“The risk of being seen to patronise interviewees by cleaning up their quotes is at least partly balanced by the risk of being seen to have ridiculed them by leaving them untouched.”

Latham gives several examples and discusses the nuances. His post “Ya Gotta Be Championship” is well worth reading in its entirety.

On June 7, Latham followed up with another column, asking, “When a player gives you this as a quote:

For the last year and this year, I not really do much for this team. The fans be angry. They be disappointed.

“What’s the correct way to proceed?

  1. Run the quote verbatim …
  2. “Clean up” the quote? …
  3. Take some the words out of direct speech? …</li
  4. Just not run the story at all?…

“After two weeks of thinking about it, I’m still not sure what I would do.”

Cities, states, and commas

A state name paired with a city name “is in effect a parenthetical element,” states Words Into Type. It makes the “preceding reference more specific.” The state name needs to be set off with commas. The Chicago Manual of Style gives similar instruction.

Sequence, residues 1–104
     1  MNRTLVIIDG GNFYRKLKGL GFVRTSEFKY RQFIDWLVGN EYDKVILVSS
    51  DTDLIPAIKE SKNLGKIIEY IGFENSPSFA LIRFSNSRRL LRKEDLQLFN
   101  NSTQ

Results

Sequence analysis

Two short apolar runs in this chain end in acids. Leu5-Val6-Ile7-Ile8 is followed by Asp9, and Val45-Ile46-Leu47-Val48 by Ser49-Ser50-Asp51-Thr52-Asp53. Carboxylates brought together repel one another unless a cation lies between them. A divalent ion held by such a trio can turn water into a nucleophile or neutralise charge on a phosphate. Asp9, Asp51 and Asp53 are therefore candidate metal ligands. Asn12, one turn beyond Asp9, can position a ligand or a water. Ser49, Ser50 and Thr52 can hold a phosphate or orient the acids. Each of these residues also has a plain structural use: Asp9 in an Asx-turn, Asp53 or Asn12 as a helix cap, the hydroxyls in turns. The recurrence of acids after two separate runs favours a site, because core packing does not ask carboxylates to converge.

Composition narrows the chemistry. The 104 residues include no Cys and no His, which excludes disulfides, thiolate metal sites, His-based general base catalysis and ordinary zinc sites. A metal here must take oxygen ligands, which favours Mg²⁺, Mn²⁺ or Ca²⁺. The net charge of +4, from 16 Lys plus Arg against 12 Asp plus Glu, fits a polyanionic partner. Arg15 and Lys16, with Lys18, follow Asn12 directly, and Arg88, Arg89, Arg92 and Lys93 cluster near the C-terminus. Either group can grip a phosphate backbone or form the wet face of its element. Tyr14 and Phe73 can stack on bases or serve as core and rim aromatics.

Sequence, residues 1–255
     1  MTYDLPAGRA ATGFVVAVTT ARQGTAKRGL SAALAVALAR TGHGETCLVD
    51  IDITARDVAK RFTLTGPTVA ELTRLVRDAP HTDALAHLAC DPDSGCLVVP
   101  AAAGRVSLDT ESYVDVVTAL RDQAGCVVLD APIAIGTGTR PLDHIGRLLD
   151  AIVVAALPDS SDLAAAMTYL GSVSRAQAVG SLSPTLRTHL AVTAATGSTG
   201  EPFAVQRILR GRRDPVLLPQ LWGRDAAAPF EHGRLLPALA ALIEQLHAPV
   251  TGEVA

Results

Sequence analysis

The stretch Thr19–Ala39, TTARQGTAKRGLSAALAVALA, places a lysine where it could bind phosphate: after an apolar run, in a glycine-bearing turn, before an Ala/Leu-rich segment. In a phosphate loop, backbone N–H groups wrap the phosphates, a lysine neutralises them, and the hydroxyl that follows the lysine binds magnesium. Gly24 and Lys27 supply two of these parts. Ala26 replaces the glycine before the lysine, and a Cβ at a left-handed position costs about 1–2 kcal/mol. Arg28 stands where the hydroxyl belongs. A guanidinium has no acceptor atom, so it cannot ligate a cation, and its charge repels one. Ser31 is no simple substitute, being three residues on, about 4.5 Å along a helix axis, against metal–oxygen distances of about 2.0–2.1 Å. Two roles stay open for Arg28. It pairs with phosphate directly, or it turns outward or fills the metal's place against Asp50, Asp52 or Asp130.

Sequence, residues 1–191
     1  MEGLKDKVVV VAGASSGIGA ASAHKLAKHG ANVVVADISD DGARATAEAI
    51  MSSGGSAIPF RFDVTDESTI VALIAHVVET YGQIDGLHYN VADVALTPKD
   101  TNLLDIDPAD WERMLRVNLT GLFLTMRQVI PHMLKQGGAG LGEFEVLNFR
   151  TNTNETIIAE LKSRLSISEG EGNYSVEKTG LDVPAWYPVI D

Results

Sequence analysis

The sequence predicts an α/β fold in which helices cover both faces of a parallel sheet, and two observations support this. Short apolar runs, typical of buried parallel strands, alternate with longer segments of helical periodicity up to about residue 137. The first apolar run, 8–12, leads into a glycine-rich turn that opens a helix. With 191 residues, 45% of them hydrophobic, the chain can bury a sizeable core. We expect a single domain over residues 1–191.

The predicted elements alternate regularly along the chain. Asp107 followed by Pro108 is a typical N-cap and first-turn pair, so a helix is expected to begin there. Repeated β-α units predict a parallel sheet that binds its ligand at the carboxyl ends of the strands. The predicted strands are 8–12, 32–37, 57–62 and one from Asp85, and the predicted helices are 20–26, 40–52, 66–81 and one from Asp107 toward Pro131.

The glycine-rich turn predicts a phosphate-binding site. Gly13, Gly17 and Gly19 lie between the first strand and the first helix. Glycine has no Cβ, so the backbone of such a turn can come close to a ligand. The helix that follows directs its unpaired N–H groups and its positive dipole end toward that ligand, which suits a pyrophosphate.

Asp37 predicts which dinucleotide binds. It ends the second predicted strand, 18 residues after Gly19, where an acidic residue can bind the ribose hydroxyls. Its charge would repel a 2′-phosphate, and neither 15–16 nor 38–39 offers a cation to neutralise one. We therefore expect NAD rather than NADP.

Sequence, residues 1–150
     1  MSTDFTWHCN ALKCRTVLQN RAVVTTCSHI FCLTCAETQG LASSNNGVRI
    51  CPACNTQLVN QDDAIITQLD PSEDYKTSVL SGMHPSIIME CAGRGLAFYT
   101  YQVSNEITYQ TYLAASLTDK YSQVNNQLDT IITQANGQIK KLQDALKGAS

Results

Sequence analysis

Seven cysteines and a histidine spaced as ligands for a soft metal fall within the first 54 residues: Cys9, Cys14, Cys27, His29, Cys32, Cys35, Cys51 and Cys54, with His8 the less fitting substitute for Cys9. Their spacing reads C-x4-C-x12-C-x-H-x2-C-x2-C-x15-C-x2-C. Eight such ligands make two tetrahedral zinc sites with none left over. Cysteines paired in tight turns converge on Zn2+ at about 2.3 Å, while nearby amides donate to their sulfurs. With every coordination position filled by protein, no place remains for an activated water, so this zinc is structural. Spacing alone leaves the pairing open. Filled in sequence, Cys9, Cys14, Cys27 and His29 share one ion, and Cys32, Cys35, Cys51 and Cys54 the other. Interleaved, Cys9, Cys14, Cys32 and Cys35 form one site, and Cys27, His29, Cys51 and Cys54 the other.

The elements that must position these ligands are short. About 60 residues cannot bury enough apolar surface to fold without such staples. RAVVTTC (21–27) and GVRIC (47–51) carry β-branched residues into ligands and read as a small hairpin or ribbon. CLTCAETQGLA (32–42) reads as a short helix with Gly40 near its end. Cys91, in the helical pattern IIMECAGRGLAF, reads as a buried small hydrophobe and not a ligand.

Yet a lot of writers and even some editors set off the state name with only one comma. This can lead to confusion, making the meaning of a sentence hard to comprehend.

This sentence looks like a strange series: “Only Lake City and Tallahassee, Florida and Biloxi, Mississippi have bus stations located downtown.”* It looks like three elements: (1) Lake City and Tallahassee, (2) Florida and Biloxi, and (3) Mississippi. that’s how the commas separate the names. Adding commas after Florida and Mississippi would help: “Only Lake City and Tallahassee, Florida, and Biloxi, Mississippi, have bus stations located downtown.” (By the way, “only” referred to stops between New Orleans and Jacksonville formerly served by Amtrak and currently served by intercity buses.) We could insert those commas and consider the sentence adequately edited; the context indicates which items have stations (the cities, not the states).